Spontaneous Play and Imagination in Everyday Science Classroom Practice
2013 (English)In: Research in science education, ISSN 0157-244X, E-ISSN 1573-1898, Vol. 43, no 5, 1735-1750 p.Article in journal (Refereed) Published
In science education, students sometimes create and engage in spontaneous science-oriented play where ideas about science and scientists are put to use. However, in previous research, little attention has been given to the role of informal spontaneous play in school science classrooms. We argue that, in order to enhance our understanding of learning processes in school science practices, research that investigates play as an aspect of everyday culture is needed. The aim of this paper is to explore students’ informal play as part of activity in lower secondary school science. The empirical study was conducted in two Swedish compulsory schools in grade 6. Data were collected throughout a teaching unit called ‘The Chemistry of Food’ during a 10-week period using video and audiotape recordings of classroom work. Our analyses show that the play students engage in involves the transformations of given tasks. We find that students’ spontaneous collective play offers opportunities for them to explore the epistemic values and norms of science and different ways of positioning in relation to science. Our findings contribute to the understanding of how learning in the school science classroom is socially and culturally–historically embedded and how individual students’ engagement through play may transform and transcend existing classroom practices.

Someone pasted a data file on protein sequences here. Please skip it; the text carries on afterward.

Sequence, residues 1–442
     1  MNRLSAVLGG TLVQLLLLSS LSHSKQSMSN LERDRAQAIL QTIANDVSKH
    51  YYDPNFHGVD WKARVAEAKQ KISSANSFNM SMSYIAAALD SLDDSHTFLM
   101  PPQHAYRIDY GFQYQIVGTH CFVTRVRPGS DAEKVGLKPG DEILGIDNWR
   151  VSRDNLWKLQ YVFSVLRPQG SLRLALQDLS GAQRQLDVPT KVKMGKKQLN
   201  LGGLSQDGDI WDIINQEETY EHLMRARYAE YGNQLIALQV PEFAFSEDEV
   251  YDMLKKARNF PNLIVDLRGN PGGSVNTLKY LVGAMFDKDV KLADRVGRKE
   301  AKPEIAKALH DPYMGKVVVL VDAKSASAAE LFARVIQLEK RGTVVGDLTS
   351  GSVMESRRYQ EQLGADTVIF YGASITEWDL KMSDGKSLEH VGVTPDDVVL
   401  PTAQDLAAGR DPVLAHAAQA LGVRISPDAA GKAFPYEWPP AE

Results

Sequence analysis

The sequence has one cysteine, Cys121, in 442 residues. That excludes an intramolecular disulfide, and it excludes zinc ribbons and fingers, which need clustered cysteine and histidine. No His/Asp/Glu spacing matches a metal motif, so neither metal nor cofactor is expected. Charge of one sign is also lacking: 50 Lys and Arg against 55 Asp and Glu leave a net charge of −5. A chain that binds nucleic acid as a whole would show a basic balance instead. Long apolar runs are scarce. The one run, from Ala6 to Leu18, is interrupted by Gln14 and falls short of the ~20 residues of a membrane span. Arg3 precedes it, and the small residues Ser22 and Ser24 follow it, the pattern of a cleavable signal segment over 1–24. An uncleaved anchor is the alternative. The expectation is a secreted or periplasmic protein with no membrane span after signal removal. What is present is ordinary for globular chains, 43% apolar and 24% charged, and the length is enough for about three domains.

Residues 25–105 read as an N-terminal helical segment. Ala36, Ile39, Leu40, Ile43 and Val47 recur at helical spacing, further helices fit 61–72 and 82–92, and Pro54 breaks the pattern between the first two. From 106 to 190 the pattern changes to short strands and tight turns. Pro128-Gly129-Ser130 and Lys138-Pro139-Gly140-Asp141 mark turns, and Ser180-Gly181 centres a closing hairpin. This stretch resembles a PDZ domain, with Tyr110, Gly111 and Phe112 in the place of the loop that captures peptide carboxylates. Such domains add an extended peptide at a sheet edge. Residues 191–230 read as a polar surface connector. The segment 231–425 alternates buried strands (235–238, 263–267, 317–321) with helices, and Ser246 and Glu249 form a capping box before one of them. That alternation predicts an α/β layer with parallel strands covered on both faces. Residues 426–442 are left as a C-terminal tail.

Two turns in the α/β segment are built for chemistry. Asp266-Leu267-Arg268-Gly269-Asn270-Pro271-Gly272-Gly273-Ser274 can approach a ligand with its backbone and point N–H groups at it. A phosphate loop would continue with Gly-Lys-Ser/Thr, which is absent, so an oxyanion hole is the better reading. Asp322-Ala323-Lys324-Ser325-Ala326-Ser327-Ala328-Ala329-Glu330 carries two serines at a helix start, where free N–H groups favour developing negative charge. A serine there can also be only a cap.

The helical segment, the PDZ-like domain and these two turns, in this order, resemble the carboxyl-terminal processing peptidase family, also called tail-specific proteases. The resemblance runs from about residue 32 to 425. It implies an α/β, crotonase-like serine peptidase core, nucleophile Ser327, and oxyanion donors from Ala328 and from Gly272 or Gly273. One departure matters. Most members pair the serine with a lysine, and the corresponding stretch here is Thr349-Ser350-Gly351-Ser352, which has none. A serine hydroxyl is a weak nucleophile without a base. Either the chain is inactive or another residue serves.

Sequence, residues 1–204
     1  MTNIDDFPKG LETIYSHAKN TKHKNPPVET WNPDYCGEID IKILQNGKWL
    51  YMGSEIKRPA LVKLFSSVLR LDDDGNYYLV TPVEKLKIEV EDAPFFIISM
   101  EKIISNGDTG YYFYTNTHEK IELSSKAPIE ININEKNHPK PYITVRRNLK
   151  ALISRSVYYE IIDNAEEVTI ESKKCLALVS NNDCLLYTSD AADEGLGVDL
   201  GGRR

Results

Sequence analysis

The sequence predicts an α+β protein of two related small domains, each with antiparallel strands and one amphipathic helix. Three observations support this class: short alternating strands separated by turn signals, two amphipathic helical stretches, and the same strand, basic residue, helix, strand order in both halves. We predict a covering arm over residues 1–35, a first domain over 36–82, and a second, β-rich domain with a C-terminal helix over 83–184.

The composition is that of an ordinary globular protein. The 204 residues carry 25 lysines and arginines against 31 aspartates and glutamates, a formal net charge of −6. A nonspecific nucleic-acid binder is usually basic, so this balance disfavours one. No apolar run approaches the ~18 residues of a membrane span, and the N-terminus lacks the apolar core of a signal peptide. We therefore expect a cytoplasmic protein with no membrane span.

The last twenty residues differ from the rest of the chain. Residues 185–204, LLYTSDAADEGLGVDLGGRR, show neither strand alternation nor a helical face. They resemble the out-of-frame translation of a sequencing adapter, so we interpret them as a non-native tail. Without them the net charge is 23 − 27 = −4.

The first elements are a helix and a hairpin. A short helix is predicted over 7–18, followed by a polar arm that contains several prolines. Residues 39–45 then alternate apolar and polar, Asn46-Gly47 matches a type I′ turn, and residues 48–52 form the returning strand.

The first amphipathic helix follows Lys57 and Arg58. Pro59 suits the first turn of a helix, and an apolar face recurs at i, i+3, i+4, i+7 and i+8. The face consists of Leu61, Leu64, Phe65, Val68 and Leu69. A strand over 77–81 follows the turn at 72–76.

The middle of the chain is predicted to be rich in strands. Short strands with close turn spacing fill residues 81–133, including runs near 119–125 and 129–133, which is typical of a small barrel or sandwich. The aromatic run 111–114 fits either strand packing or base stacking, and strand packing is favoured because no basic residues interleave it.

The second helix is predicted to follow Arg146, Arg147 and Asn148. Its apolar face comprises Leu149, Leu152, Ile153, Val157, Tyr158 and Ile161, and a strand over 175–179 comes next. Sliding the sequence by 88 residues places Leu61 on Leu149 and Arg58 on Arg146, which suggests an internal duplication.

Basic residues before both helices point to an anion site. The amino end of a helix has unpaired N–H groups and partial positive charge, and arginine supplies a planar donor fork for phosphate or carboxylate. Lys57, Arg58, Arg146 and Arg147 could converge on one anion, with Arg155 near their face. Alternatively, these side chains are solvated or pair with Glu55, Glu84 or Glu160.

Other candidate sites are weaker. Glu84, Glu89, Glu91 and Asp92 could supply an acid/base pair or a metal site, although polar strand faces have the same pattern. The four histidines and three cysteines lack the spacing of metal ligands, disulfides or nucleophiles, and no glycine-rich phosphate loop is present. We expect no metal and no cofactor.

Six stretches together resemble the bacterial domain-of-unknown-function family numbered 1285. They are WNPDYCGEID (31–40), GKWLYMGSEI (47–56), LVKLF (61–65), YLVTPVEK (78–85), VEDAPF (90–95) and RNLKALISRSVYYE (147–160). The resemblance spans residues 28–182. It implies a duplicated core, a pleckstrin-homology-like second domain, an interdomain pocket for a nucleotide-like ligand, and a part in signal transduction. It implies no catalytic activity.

Place, publisher, year, edition, pages
Springer, 2013. Vol. 43, no 5, 1735-1750 p.
spontaneous play; imagination; science learning; lower secondary school; classroom practice; Vygotsky
Research subject Science Education
IdentifiersURN: urn:nbn:se:su:diva-82023DOI: 10.1007/s11165-012-9333-yISI: 000324551800001OAI: oai:DiVA.org:su-82023DiVA: diva2:565121
FunderKnut and Alice Wallenberg FoundationSwedish Research CouncilRiksbankens Jubileumsfond
AuthorCount: 2;2012-11-062012-11-062013-10-21Bibliographically approved